OxyContin maker reaches tentative U.S. opioid-crisis settlement

Sources say Purdue Pharma to pay up to $12 billion over time

Medications that are are stored in the police headquarters that are and slated for destruction, are shown in a locked storage area, Wednesday, Sept. 11, 2019, in Barberton, Pa. (AP Photo/Keith Srakocic)

OxyContin maker Purdue Pharma reached a tentative deal Wednesday with about half the states and thousands of local governments over its role in the nation’s deadly opioid epidemic, but criticism by several state attorneys general clouded prospects for an end to litigation against the company and the family that owns it.

Arizona Attorney General Mark Brnovich said the agreement included more money from the Sackler family, which had become a sticking point during the recent talks.

“Talks are progressing rapidly, but this is the quickest and surest way to get immediate relief for Arizona and for the communities that have been harmed by the opioid crisis and the actions of the Sackler family,” Brnovich told The Associated Press.

Sources with direct knowledge of the talks say that Stamford, Connecticut-based Purdue will pay up to $12 billion over time and that the Sackler family will give up control of the company. The sources spoke on condition of anonymity because they were not authorized to speak publicly.

Paul Farrell, an attorney for several local governments, said in a text message that some 2,000 have agreed to a deal that has been on the table for several weeks.

Even with Wednesday’s development, roughly half the states had not signed on, and several state attorneys general vowed to continue their legal battles against the company and the Sacklers. Roughly 20 states have sued the Sacklers in state court.

New York, Massachusetts and Connecticut were among the states saying they were not part of the agreement.

“Our position remains firm and unchanged and nothing for us has changed today,” Connecticut Attorney General William Tong said in a statement. “The scope and scale of the pain, death and destruction that Purdue and the Sacklers have caused far exceeds anything that has been offered thus far. Connecticut’s focus is on the victims and their families, and holding Purdue and the Sacklers accountable for the crisis they have caused.”

He said the state would continue to pursue Purdue if it files for bankruptcy under the settlement agreement, as expected.

New York Attorney General Letitia James accused the Sacklers of “attempting to evade responsibility and lowball the millions of victims of the opioid crisis.”

“A deal that doesn’t account for the depth of pain and destruction caused by Purdue and the Sacklers is an insult, plain and simple,” James said in a statement. “As attorney general, I will continue to seek justice for victims and fight to hold bad actors accountable, no matter how powerful they may be.”

News of the tentative agreement comes as the first trial federal date draws near in the hundreds of lawsuits aiming to hold Purdue and others in the drug industry accountable for a nationwide opioid crisis.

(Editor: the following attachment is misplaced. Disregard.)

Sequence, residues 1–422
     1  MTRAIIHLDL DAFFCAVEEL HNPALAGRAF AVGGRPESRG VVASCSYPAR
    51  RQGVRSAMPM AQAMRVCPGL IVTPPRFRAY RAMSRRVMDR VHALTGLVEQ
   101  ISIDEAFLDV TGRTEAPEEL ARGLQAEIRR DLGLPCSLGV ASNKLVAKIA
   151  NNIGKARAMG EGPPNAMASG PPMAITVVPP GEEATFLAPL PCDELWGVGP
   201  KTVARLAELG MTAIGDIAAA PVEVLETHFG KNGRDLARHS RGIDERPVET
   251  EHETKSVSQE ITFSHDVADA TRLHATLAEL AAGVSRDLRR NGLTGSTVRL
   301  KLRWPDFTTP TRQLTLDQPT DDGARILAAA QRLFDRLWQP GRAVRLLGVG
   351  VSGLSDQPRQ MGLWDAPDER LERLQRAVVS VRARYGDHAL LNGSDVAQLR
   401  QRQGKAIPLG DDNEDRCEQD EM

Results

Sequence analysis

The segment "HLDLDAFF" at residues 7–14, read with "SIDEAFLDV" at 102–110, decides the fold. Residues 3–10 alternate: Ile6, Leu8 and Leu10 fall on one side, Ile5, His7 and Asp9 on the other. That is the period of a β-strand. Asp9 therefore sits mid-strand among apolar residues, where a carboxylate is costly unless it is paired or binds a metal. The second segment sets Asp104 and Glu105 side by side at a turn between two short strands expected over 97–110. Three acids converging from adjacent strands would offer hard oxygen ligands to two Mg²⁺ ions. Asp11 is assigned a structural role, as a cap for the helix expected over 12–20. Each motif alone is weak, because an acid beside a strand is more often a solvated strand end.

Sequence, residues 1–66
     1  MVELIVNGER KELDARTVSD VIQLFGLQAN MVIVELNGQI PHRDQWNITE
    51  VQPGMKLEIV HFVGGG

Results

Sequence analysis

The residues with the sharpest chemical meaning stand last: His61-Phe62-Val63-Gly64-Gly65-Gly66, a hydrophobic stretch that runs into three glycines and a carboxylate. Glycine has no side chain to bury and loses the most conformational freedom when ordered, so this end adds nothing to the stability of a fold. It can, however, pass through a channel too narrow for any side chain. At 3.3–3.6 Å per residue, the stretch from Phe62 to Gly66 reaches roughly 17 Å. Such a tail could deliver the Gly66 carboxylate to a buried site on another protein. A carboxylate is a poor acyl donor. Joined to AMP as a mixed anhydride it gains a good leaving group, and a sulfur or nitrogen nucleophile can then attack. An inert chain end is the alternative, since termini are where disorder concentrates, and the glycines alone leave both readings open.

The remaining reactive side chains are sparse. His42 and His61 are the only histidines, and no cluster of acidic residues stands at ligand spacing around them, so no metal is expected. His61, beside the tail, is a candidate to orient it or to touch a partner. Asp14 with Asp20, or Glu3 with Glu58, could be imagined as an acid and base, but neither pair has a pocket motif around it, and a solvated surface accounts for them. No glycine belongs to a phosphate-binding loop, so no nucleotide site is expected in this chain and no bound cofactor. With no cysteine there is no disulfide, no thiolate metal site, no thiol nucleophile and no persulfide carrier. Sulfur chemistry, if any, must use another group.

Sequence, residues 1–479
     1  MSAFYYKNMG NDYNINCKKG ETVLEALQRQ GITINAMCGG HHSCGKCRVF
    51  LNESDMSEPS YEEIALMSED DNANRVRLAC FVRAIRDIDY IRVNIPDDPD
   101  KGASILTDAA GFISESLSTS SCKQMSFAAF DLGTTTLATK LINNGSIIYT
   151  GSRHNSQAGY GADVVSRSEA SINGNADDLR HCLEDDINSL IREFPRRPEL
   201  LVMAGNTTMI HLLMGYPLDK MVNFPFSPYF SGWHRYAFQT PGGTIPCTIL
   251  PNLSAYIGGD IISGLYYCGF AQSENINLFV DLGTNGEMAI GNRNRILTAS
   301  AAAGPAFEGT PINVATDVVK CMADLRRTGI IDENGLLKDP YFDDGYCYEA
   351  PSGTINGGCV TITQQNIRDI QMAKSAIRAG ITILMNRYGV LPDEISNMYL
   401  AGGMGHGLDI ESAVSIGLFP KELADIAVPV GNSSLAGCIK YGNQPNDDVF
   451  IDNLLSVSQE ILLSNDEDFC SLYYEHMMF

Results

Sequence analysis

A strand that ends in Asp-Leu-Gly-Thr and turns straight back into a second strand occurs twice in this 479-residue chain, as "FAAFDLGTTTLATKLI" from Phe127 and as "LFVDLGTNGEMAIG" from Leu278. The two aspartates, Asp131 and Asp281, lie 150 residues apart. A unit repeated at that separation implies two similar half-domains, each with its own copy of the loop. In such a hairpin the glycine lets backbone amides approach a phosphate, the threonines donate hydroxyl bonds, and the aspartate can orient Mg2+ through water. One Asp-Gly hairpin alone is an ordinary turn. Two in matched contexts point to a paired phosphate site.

The lawsuits assert that Purdue aggressively sold OxyContin as a drug with a low risk of addiction despite knowing that wasn’t true.

READ MORE: Opioids to be dispensed via vending machine on Vancouver’s Downtown Eastside, doctor says

In court filings, Purdue has pointed out that its products were approved by federal regulators and prescribed by doctors.

The Associated Press

Like us on Facebook and follow us on Twitter

Just Posted

Williams Lake doctor gets top marks in Canada

“It still kind of feels like a dream.” — Dr. Ghaida Radhi

‘Very disrespectful’: Cariboo first responder irked by motorists recording collisions on cellphones

Central Cariboo Search and Rescue deputy chief challenges motorists to break the habit

BC Cannabis Stores set to open in Williams Lake Nov. 27

BC Cannabis Stores is slated to open for business at 10 a.m. next Wednesday, Nov. 27.

Burning of debris piles scheduled for Kleena Kleene area to restore 2017 fireguards

Smoke may be visible from Highway 20 and from neighbouring communities

VIDEO: ‘Climate emergency’ is Oxford’s 2019 Word of the Year

Other words on the shortlist included ‘extinction,’ ‘climate denial’ and ‘eco-anxiety’

Canucks erupt with 5 power-play goals in win over Nashville

Vancouver ends three-game slide with 6-3 triumph over Predators

65-million-year-old triceratops makes its debut in Victoria

Dino Lab Inc. is excavating the fossilized remains of a 65-million-year-old dinosaur

B.C. widow suing health authority after ‘untreatable’ superbug killed her husband

New Public Agency Health report puts Canadian death toll at 5,400 in 2018

Changes to B.C. building code address secondary suites, energy efficiency

Housing Minister Selina Robinson says the changes will help create more affordable housing

Security guard at Kamloops music festival gets three years for sexually assaulting concertgoer

Shawn Christopher Gray walked the woman home after she became seperated from her friends, court heard

Algae bloom killing farmed fish on Vancouver Island’s West Coast

DFO says four Cermaq Canada salmon farms affected, fish not infectious

Most Read